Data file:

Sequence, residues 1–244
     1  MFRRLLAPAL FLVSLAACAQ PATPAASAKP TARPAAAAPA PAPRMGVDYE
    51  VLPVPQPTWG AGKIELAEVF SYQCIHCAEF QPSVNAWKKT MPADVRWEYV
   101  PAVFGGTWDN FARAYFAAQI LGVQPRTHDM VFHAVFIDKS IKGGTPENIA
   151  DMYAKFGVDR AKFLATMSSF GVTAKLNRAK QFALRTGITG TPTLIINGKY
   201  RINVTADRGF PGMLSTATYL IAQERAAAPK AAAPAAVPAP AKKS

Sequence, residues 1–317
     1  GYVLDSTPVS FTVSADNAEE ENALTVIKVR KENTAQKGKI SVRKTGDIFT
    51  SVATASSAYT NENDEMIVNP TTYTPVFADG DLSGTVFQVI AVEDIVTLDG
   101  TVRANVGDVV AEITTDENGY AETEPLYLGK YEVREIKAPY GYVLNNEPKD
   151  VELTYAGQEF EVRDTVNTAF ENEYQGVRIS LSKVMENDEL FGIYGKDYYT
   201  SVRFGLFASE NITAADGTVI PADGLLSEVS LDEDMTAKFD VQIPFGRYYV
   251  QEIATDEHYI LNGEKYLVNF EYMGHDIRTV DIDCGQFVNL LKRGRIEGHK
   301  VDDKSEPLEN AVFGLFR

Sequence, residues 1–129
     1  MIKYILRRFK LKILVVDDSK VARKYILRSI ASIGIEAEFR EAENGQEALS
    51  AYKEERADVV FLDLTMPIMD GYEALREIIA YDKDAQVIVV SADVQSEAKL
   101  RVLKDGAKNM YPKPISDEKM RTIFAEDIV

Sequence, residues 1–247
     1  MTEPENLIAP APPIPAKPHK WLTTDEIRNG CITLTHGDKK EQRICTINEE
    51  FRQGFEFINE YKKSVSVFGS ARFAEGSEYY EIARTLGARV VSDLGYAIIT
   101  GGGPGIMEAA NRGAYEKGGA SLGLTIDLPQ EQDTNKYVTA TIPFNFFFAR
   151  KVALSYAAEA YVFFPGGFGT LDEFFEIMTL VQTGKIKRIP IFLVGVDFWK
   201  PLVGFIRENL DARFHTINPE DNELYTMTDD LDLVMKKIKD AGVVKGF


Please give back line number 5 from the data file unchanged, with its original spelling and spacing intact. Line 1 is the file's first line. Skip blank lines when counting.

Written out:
   151  DMYAKFGVDR AKFLATMSSF GVTAKLNRAK QFALRTGITG TPTLIINGKY